For reliability analysis, correlated item-total correlation and Cronbach’s α if item deleted were computed. Overall, the eight items were calculated by their corresponding subscale, collective value and personal value. Results showed that Item 0 (development of social networking) has a weaker function. That is, Item 0 had a lower value in the corrected item-total correlation (0.42; a suggested value is around 0.50, Hair et al., 2010) and a higher value of Cronbach’s α if item deleted (0.83) (suggested value is lower than the scale reliability, i.e. 0.82, Hair et al., 2010), indicating that the item was less consistent with the other items in the subscale.
For the factor analysis, the participants were randomly divided into Sample 1 (n=364) and Sample 2 (n=365). Sample 1 served as the calibration sample for the EFA by the extraction method of principal component analysis (PCA). Sample 2 served as the validation sample for the CFA.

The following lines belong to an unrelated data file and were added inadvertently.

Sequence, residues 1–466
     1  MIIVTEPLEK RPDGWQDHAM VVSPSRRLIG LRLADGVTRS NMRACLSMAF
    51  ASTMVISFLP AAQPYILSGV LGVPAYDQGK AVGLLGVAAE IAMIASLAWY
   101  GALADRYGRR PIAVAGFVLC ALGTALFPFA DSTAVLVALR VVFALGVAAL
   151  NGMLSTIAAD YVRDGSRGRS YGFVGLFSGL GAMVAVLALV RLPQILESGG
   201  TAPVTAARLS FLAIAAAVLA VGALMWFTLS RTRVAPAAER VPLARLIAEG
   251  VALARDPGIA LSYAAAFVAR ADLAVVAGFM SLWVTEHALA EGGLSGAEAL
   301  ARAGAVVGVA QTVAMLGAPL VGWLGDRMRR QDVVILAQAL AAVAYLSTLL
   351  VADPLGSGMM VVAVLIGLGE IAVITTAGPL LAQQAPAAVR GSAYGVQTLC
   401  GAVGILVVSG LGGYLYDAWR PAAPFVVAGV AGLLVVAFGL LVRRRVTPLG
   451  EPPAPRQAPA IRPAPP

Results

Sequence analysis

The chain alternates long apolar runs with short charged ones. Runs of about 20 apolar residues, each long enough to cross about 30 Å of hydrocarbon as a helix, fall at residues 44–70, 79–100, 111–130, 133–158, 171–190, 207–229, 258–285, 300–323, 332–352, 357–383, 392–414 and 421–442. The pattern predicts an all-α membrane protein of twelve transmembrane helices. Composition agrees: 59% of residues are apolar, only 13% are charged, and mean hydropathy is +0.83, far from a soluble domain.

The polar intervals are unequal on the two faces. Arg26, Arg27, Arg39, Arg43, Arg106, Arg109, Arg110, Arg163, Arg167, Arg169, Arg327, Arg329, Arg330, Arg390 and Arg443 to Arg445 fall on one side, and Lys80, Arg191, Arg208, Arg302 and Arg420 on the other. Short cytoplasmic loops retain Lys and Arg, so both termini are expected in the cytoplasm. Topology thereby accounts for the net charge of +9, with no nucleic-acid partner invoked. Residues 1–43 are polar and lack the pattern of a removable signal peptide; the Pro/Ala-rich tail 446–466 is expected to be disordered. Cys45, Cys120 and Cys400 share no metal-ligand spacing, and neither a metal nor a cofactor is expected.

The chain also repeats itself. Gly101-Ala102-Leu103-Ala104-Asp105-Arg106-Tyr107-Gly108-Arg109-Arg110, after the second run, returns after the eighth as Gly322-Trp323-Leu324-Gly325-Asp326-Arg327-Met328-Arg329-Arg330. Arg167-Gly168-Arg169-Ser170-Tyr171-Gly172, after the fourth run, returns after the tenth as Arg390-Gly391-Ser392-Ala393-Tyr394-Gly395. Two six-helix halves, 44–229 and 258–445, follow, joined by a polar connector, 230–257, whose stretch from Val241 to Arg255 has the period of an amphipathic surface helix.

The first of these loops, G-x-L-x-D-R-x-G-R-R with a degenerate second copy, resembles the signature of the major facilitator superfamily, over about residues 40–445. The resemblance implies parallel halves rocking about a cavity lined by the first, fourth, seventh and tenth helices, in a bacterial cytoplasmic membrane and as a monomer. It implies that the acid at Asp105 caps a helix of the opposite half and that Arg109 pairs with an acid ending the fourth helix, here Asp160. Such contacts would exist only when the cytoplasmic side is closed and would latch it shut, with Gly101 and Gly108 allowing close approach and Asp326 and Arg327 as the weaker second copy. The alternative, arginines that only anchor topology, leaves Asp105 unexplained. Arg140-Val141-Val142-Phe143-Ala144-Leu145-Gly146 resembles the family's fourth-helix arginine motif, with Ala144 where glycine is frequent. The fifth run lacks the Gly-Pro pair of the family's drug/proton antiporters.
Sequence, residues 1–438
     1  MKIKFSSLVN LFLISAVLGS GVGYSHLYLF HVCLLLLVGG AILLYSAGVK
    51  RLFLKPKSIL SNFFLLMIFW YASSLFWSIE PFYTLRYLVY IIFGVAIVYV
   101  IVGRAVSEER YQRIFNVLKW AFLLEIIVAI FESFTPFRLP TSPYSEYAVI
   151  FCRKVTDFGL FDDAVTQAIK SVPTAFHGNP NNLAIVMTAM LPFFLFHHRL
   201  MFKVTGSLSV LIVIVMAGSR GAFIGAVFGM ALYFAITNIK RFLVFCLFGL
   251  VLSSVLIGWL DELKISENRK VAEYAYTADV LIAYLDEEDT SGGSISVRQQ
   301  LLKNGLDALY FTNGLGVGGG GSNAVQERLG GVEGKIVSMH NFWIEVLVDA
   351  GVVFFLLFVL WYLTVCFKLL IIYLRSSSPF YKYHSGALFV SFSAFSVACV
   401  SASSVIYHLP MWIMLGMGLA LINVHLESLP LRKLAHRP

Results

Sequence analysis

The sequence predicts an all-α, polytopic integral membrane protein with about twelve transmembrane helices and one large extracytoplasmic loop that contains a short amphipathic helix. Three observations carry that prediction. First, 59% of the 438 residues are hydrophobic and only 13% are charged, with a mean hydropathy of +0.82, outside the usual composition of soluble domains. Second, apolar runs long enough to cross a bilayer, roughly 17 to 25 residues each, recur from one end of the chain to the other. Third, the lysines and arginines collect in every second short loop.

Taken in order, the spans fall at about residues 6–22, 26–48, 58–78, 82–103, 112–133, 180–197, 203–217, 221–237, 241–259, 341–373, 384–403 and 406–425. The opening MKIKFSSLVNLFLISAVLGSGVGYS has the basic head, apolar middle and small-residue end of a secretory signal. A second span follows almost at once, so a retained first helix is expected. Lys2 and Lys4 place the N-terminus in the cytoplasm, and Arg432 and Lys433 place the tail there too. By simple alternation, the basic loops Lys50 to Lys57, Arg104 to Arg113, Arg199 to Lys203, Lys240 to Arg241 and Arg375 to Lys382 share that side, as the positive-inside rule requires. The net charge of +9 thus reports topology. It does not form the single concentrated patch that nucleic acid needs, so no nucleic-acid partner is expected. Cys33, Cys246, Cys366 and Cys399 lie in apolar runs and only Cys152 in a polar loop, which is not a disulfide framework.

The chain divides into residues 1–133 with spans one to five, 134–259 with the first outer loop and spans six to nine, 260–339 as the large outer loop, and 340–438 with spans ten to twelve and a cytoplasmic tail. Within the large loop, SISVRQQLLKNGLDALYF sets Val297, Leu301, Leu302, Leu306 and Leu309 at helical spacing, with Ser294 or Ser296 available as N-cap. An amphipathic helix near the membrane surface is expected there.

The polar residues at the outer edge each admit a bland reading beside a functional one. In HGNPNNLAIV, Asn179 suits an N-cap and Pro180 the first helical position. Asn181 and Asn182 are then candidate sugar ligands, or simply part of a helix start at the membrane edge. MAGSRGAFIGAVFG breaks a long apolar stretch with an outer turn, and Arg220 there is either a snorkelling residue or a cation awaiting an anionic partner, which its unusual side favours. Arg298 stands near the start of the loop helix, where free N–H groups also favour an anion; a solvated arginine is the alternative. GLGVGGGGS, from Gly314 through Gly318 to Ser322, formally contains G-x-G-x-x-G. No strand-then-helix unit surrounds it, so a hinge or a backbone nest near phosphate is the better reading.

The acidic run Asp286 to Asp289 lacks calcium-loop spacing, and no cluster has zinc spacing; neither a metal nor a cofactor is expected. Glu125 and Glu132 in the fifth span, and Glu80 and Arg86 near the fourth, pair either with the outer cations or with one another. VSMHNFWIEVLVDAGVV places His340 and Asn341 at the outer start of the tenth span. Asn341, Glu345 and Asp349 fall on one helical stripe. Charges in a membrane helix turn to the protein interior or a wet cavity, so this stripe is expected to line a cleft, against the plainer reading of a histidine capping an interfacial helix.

3.2 EFA results
First, using the calibration sample (n=364), CAVS with a two-factor model was examined by PCA with a promax rotation. The Kaiser-Meyer-Olkin statistic of 0.77 revealed that the sample size was adequate for the procedure. Factor extraction was determined by eigenvalues greater than 1 and the leveling-off point on the scree plot. The results showed a two-factor solution, accounting for 66.68 percent of the total variance (eigenvalues of 3.38 and 1.95, respectively).
In evaluating factor loadings, a cutoff of 0.45 was adopted to reveal a signiﬁcant association between the item and its corresponding factor. Table II shows that the factor loadings of most items ranged from 0.73 to 0.93. However, Item 0 double-loaded on both factors (0.35 and 0.43 on collective value and personal value, respectively), once again revealing that Item 0 appeared less effective in reﬂecting a single construct. Also, each loading of Item 0 was lower than 0.45, failing to explain at least 20 percent of the shared variance between the item and the factor. Notably, Item 0 showed poorer performance in the reliability analysis as well. Item 0 was then deleted in subsequent analysis to ensure that all items in CAVS effectively reﬂected the designated single factor.